2. GM has a free-standing ground of appeal which the Secretary of State is content to concede. The contention is that the removal decision in GM's case, made on 8 May 2012, was unlawful because it was contained in a notice which also included the Secretary of State's decision refusing an application by GM for variation of his leave to remain. That is not permissible, as is shown by this court's judgment in Ahmadi [2013] EWCA Civ 512, [2014] 1 WLR 401, in which it was held that notification of a variation decision is a pre-condition of the power to direct removal under s.47 of the Immigration Asylum and Nationality Act 2006.

3. The Secretary of State also accepts that it is arguable that the UT in GM's case failed adequately to consider the appellant's claim under ECHR Article 8; and she is also ready to receive fresh representations in EO's case because of a change in circumstances since the decision of the UT.


4. Five of the six appellants are suffering from terminal renal failure, or end stage kidney disease (ESKD). The sixth (KK) is at an advanced stage of HIV infection. The skeleton argument prepared for GM, PL and BA by Mr Husain QC contains a very helpful summary of the salient features from which they, together with GS and EO, are suffering. The following description draws on that material.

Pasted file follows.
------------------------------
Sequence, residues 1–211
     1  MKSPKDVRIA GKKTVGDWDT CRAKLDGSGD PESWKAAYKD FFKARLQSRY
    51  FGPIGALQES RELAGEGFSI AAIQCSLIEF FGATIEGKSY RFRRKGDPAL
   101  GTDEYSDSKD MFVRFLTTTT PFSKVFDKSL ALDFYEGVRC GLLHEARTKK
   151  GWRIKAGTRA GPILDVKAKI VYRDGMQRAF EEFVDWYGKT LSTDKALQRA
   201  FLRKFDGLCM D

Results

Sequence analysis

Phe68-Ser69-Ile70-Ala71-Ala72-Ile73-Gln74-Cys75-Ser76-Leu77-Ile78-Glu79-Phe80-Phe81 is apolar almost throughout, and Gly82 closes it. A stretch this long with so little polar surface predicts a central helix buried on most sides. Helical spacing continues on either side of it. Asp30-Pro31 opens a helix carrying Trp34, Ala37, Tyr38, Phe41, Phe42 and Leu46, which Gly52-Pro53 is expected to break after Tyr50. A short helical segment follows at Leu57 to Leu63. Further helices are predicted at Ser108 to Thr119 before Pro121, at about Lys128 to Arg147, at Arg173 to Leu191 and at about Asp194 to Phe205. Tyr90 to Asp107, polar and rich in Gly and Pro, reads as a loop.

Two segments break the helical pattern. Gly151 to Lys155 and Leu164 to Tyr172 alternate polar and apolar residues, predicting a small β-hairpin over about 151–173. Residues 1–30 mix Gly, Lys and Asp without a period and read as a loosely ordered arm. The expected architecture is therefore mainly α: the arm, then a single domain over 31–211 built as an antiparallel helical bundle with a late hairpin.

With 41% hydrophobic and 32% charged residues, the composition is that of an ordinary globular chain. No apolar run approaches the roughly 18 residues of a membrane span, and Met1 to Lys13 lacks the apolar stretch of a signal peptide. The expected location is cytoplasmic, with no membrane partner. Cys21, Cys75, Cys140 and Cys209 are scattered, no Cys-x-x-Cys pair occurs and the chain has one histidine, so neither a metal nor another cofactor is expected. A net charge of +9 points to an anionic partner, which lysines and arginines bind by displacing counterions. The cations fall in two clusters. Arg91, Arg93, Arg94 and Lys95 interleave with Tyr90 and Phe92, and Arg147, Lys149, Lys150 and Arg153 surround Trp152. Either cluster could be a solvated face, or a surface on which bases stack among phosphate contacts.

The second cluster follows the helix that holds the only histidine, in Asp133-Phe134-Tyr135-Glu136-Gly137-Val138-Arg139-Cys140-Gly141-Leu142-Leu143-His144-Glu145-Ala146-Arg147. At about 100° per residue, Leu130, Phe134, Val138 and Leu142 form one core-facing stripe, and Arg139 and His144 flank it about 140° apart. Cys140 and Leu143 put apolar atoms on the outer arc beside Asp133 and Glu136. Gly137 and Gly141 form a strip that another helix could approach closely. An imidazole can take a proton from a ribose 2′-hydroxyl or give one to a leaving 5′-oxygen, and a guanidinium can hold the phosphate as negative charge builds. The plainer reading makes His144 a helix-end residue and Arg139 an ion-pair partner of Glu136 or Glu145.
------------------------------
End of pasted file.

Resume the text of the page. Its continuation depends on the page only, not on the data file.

5. ESKD is irreversible. Unless the patient receives a kidney transplant he must remain on dialysis for the rest of his life. Dialysis performs 20% - 30% of the work of a functioning kidney. Without dialysis the patient, having minimal urine output, will likely die within 2-3 weeks. Even with dialysis, the patient will in time suffer life-shortening complications such as vascular and cardiovascular disease. Dialysis is generally required three times every week, and all five appellants undergo it with that frequency. It is an out-patient procedure, involving on each occasion as much as four hours treatment and two hours preparation and follow-up. It is enervating and exhausting. The patient also takes medicines prescribed for accompanying conditions, not least hypertension, and is potentially subject to a range of adverse events including stroke and heart attack.

6. The beneficial effects of a transplant are dramatic. It may provide a substantial increase in life expectancy and may revitalise the patient's quality of life. He is released from a regime of dialysis, can eat and drink as he chooses, travel, and work. He must however take immuno-suppressant drugs for life. A transplant from a living donor is likely to have a significantly better outcome than one from a deceased donor. There is a shortage of donors. Within the NHS there is a scheme by which, where a live donor and the patient who would receive his kidney are not medically compatible, they may enter into a ``pool'' of other donor-recipient pairs, so that within the pool compatible donors and recipients are matched. NHS Blood and Transplant (NHSBT) carries out a quarterly ``matching run'' among all the pairs in the scheme using an appropriate computer programme.